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  1. #1
    $books++ == true matsko's Avatar
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    Question One gigantic update query or multiple single queries?

    I've setup a late night cron job that updates the totals within the database everyday. It simply just collects a total count of the rows in other tables and updates another table with the row count values.

    My query is exactly this:
    Code:
    SELECT c.id,c.column_id,c.value,count(*) as m,u.user_id 
    FROM site_columns_values c 
    LEFT JOIN users_columns u ON c.id=u.value_id 
    GROUP BY (c.id) 
    ORDER by c.id
    The result set looks like this:

    Code:
    0, 2, 'male', 5, 1
    1, 2, 'female', NULL, 1, 
    2, 3, 'aquarius', 3, 2
    3, 3, 'aries', NULL, 1, 
    4, 3, 'cancer', NULL, 1,
    The last two columns are the userID and the count. If there are no matching userIDs in the column (NULL) then the count (the final column) should be 0 (but for some reason its displaying as 1).

    Well anywhoo, I've setup a php script to parse the results and if there is no matching userID value in the result set (if the value is equal to NULL) then the total is set to 0.

    Now I'm debating whether I should perform a database count update using one update like so:

    Code:
    UPDATE site_columns_values
       SET total = case id 
       when 1 then 100 
       when 2 then 2200
       when 3 then 124240 end
    WHERE id in (1,2,3)
    or hundreds of multiple queries like so:

    Code:
    UPDATE site_columns_values SET total = '.$totals[$i].' WHERE id='.$ids[$i].' LIMIT 1');
    Would the former be too large of a query? Do you think that it would cause lots of load to update say 400 columns?
    I can't believe I ate the whole thing

  2. #2
    reads the ********* Crier silver trophybronze trophy longneck's Avatar
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    you should do neither. instead, fix your first query. when you've got it right, then you can change it to an UPDATE query and let mysql do all the heavy lifting.

    can you post some sample rows so we can fix your first query?
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  3. #3
    $books++ == true matsko's Avatar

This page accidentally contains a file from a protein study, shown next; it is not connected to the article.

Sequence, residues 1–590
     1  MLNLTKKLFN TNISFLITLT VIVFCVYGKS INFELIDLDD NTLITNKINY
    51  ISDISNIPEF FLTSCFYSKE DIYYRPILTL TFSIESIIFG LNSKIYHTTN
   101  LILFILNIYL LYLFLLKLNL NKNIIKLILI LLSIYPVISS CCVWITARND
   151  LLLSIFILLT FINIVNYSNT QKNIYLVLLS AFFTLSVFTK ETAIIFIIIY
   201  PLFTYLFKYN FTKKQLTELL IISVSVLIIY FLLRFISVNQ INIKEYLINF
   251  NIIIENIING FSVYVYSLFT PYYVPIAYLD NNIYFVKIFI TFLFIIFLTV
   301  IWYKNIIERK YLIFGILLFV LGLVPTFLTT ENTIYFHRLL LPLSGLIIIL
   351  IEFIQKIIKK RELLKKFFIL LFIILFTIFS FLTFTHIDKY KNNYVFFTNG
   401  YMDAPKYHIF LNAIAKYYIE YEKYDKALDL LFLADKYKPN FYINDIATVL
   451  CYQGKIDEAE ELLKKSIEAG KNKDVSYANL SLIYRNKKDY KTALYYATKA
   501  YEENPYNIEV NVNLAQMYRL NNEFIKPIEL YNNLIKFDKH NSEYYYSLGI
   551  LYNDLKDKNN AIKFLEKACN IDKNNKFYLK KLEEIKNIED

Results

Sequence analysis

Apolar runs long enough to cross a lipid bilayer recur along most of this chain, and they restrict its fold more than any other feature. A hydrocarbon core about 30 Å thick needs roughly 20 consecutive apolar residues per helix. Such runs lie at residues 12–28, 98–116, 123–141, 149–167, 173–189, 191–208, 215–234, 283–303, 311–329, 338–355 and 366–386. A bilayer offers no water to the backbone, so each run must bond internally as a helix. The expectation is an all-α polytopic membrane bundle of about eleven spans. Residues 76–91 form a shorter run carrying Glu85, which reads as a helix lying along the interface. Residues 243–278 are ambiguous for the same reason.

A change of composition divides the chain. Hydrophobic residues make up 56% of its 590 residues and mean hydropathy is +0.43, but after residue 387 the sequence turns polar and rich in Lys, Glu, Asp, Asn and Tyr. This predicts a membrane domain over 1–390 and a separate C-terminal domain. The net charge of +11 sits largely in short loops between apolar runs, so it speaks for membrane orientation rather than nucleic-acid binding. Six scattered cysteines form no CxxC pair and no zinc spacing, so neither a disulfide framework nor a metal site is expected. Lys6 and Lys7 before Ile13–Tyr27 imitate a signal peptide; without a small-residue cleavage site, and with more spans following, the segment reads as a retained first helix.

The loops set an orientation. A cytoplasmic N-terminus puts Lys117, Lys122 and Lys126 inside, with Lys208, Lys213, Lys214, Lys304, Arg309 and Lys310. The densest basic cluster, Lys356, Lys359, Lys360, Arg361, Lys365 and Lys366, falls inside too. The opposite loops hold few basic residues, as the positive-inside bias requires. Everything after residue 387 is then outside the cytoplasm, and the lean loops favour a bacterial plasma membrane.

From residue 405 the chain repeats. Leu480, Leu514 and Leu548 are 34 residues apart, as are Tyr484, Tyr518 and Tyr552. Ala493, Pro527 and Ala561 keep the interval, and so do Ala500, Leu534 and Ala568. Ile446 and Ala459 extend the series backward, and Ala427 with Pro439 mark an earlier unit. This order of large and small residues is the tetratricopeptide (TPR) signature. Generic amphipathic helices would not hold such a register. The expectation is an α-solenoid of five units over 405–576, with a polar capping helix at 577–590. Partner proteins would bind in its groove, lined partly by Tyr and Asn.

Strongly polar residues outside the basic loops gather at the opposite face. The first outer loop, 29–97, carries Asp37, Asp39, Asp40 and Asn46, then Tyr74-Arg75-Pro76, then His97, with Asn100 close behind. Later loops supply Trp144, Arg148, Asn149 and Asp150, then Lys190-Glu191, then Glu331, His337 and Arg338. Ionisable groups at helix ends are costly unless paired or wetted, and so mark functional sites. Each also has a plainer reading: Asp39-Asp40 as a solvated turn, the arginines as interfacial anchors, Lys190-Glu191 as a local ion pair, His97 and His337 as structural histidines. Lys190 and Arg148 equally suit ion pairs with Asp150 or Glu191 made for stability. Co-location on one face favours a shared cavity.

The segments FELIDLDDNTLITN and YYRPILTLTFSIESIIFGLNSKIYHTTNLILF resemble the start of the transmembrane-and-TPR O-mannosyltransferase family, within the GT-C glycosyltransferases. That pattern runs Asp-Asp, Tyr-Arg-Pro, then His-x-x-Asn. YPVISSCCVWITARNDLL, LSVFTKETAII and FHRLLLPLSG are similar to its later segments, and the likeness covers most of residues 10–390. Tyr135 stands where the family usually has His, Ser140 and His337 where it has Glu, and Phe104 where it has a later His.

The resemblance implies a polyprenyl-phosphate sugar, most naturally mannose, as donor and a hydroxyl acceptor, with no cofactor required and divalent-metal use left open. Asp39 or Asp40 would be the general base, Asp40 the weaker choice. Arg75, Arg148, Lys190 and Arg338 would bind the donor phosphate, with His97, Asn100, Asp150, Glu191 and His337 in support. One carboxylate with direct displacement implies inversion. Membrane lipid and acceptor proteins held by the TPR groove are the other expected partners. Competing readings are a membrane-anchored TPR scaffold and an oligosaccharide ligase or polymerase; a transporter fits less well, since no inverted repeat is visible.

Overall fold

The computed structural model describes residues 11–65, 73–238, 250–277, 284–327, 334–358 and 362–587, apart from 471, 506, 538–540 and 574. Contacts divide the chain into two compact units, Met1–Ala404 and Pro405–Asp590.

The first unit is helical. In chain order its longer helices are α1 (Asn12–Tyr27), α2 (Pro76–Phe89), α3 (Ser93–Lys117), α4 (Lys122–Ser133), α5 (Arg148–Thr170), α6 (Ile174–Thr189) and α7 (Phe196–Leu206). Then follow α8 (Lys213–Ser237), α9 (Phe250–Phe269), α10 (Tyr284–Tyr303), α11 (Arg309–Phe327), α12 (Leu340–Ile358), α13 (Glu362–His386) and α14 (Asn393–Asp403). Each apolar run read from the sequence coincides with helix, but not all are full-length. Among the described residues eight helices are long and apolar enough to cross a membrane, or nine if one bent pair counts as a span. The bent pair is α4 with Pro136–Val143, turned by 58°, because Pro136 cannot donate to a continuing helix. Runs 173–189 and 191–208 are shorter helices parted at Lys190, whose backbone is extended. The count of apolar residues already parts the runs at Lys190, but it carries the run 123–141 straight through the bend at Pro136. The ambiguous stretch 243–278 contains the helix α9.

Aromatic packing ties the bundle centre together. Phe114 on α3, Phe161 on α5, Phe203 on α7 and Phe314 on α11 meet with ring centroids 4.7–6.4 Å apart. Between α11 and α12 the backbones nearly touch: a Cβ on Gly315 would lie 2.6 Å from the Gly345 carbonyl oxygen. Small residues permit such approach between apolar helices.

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    OK well I'm having a similar issue with other Updates as well.

    I have two tables (forums and topics):

    tbl_topics
    id | section_id | name | user_id | replies | date

    tbl_forums
    id | name | topics | posts

    this is the query I'm using

    Code:
    select f.id,f.name,count(*) as topics FROM tbl_forums f LEFT JOIN 
    tbl_topics t ON f.id=t.section_id GROUP BY f.id;
    Now I get a result set that looks like so:

    1, 'General', 7

    The total is correct, however, all the other sections don't show up (since they have no linked topics), but I would still like to get each value.

    So something like this

    1, 'General', 7
    2, 'Support', 0
    3, 'Something Else', 0

    Then after that, I would like to update the existing forum sections.

    Code:
    UPDATE forums SET ... new totals ...
    I have no idea how todo this using one query ... is it possible?
    I can't believe I ate the whole thing

  4. #4
    $books++ == true matsko's Avatar
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    OK I have something close now:

    select f.id,f.name,IF(t.id IS NULL,0,count(*)) as t FROM forums_sections f LEFT OUTER JOIN forums_topics t ON f.id=t.section_id GROUP BY f.id;

    This provides the total count for each section of topics.


    Now how do I perform an update (update the forums sections total topics with these values)?

    Can this is only be done with temporary tables?


    --- EDIT ---

    I've noticed that this works perfectly if I use a subquery.

    UPDATE forums_sections s SET s.topics = (SELECT count(*) FROM forums_topics t WHERE t.section_id=s.id) WHERE s.id=s.id
    Last edited by matsko; Jun 1, 2009 at 23:14.
    I can't believe I ate the whole thing

  5. #5
    reads the ********* Crier silver trophybronze trophy longneck's Avatar
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    the WHERE s.id=s.id is pointless. it's the same table! (and no, mysql can't automagically guess that one refers to the subquery and the other doesn't.)

    and a correlated subquery is probably one of the least-efficient ways to accomplish this.

    using a joined update will probably be faster:
    Code:
    UPDATE forums_sections s 
    LEFT OUTER
      JOIN forums_topics t
        ON t.section_id=s.id
       SET s.topics = COUNT(t.section_id)
    do you see why your first attempt was wrong? notice how you used count(*). that was count the total number of "collapsed" row, regardless of the number of rows in the LEFT JOIN'd table. my query specifically references a column in the joined table that i know will have a non-NULL value.
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  6. #6
    $books++ == true matsko's Avatar
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    Yes, I tried the count(column) instead of the count(*) and it worked.

    However, the query that you provided above does not ... it returns an error saying invalid use of group function.
    I can't believe I ate the whole thing


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